Before getting started with creating first your Einstein Analytics Plus Stories, there are some things you need to think through and decide. Typically people are concerned about data, but we will save that for later. But even before rolling up your sleeves and finding and crunching data, the most important pre-creation task is the need to have an idea of what you want to achieve with your story. In other words, in detail, what is the question you want an answer to? I am sure you have many business questions you want to have answered but if you want to have predictive intel that you deploy to Salesforce as discussed in the previous blog then you need to understand that not every question is suited for the types of predictive models Einstein Discovery uses. So let’s do a deep dive into what questions you can ask the almighty oracle that is Einstein Discovery.
I can ask anything, right?
As mentioned Einstein Discovery can help your business users in their decision processes, so it makes total sense to think about answers that can support those processes. However, you can’t blindly ask any questions and get an answer – as cool as it is, Einstein Analytics is not telepathic and therefore you have to guide and direct all of that analytical power. Questions have to be in the form of minimizing and maximizing an outcome, and it is that outcome that is what the business user will be making decisions. In traditional data scientist parlance, the analysis is detecting patterns in relation to continuous or binary outcome fields. In practical terms, this means picking a variable in your dataset and quantifying it, but in plain language what this boils down to is yes/no questions (binary outcomes variables) or how much and how many (continuous outcome variables).
Bear in mind that Einstein Analytics Stories are not just about building Predictive Models, while those are often the noble end goal of analyses, often Stories are used to answer simple research or confirmatory questions such as “which types of leads are most likely to convert,” “why are they most likely to convert,” “how do these types of leads differ from these other types of leads,” and “what can I do to increase the likelihood that this lead converts” (and so on for every other use case). We’ll discuss the importance of the Story “question” in the overall Use Case, but suffice to say that most reasons for asking these kinds of questions help drive value and efficiency in a business process and not just stop at a few juicy facts.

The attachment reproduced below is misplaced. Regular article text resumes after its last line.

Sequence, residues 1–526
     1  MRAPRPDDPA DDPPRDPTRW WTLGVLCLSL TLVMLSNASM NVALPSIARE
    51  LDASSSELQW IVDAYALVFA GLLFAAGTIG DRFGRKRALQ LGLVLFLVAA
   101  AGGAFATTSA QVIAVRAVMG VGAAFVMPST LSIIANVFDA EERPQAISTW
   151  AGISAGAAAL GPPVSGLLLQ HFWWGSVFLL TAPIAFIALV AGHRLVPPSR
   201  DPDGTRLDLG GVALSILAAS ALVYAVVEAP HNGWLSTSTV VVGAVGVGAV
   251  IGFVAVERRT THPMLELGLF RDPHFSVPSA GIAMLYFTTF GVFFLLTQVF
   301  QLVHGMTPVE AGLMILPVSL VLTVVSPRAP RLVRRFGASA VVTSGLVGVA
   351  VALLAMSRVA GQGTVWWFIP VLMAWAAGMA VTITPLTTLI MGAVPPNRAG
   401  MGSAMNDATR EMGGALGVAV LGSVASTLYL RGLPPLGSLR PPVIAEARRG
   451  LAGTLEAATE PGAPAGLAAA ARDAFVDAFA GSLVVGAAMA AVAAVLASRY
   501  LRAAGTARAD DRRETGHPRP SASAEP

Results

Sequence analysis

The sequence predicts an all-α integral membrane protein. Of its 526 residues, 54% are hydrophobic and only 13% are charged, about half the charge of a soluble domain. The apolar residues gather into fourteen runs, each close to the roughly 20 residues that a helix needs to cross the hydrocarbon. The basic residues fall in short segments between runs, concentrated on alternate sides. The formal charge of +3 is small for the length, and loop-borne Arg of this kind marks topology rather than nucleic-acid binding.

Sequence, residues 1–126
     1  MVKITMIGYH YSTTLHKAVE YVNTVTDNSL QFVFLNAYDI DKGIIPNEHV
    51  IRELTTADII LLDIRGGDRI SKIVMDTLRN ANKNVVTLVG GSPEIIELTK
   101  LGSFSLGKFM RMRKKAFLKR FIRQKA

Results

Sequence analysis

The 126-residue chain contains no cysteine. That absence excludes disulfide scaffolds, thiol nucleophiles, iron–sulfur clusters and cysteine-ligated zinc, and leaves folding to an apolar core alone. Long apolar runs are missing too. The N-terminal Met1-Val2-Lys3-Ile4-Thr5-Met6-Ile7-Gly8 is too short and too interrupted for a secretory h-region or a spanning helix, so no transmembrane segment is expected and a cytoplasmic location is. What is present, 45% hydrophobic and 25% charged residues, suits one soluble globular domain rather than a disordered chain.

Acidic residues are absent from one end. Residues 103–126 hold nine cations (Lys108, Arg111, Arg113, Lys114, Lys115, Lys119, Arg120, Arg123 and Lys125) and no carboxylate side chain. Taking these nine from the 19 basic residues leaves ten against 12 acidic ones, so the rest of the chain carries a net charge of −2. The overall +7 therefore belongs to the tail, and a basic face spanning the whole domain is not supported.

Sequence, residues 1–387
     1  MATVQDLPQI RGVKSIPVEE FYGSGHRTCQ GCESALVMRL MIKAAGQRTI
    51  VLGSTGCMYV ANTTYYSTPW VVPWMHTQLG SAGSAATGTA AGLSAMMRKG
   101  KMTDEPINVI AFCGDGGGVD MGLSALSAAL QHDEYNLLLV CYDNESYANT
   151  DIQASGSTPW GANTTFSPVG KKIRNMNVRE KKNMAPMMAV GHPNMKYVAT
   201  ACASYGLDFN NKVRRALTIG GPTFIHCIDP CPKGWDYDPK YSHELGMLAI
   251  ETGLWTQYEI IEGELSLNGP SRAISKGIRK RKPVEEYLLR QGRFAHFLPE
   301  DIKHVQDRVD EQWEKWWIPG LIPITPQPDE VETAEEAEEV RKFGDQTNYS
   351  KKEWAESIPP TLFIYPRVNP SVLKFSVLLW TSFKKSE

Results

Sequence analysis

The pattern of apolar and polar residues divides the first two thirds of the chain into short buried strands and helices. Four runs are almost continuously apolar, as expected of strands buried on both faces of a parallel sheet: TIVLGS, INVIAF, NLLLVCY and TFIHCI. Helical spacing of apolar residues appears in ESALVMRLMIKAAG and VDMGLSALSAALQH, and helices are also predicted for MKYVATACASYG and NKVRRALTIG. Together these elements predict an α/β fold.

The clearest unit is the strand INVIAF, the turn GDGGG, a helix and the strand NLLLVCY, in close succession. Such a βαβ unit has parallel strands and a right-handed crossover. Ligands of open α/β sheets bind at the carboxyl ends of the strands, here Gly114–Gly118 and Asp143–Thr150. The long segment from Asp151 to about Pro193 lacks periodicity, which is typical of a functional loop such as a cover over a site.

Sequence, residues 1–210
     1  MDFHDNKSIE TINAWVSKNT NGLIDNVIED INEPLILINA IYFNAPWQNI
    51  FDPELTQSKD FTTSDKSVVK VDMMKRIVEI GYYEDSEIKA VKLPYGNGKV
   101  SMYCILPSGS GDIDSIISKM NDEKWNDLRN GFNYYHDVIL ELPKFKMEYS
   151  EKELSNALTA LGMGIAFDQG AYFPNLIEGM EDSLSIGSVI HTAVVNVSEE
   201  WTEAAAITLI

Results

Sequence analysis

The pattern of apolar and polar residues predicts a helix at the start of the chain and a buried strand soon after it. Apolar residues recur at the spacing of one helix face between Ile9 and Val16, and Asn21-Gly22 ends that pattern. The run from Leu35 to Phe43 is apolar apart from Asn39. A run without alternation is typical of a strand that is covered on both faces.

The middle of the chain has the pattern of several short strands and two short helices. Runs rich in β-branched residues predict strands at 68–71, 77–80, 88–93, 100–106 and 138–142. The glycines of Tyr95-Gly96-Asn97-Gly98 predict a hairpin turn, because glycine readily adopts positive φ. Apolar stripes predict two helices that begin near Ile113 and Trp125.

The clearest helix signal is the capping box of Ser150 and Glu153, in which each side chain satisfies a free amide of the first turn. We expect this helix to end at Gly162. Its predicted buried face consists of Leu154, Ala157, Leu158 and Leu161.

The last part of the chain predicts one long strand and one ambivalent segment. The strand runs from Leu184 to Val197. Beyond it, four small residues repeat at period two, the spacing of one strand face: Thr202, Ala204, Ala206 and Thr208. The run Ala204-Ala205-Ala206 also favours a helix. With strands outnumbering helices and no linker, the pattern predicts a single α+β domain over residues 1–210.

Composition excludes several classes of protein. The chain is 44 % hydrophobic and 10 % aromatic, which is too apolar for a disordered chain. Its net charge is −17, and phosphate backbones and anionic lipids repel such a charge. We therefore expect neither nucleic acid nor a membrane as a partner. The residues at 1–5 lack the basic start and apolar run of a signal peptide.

In reality, you can ask a lot of different business questions and each question would demand a data science project and the building of a model for each. By standardizing the questions you ask we are able to use standardized and proven algorithms and statistical techniques to detect patterns and predictions in your data, but more about this part of the project later. So what does this mean in terms of your questions?
“Yes/no” and “how much”/“how many” questions
When you ask your question you have to center it around a type of observation in the real world but which is accessed via a record you have in Salesforce (or external data, but let’s keep it simple for now) like opportunities, accounts, support cases, etc. In answering the question you have to assess more data than just the question topic, but the question itself should not include multiple variables, hence you can’t maximize or minimize multiple things. Further, you should be able to answer the questions with a yes/no answer or a number. The latter means your question should start with “how much” org “how many”. Looking at some standard questions to ask in relation to Salesforce here are some examples:
- Will this lead convert?
- Will this opportunity close (won)?
- Will this customer account close?
- Will this customer churn?
- Will this invoice be paid on time?
- Is the CSAT going to be?
- Revenue will we make with this customer?
- Cases are needed to solve this issue?
- The number of orders placed in a week?
My questions can be more complex than that
In reality, if you ask your business users what questions would you like to get answered they will give you a longer and more complex question. With a little reframing, you most likely will be able to ask it in a way where you can have Einstein Discovery answer it. Let’s look at an example. Perhaps your business users tell you: “I want to know which of the daily list of cases I need to prioritize first”. First of all, you need to ask what they mean by “prioritize first” unless you already know. And I’d say you should still ask them as your assumptions will seldom be the same as their thinking and we know what assuming does….! So, you dig a bit deeper – are they interested in prioritizing by taking those cases that are likely to be escalated? Or is it some other order of prioritization? Let’s say it really does come down to escalations; those that are likely to be escalated should be first in line to be picked up. You can then reframe the question to “Will this case be escalated?”, which is a question you can easily set up and answer in a story. The story can be deployed to Salesforce and added to your case layout, it will live score any case you view and give you a percentage score Einstein you can then use this score for prioritization; those cases with a high score get picked up first. In plain English, the score will be telling you that some cases are more likely to be escalated than others and here’s Einstein Analytic’s assessment based on the evidence it can see. We will cover how to create your stories and deploy your model later in this blog series. But first, we will look at a methodology to stay on track in your Einstein Discovery project.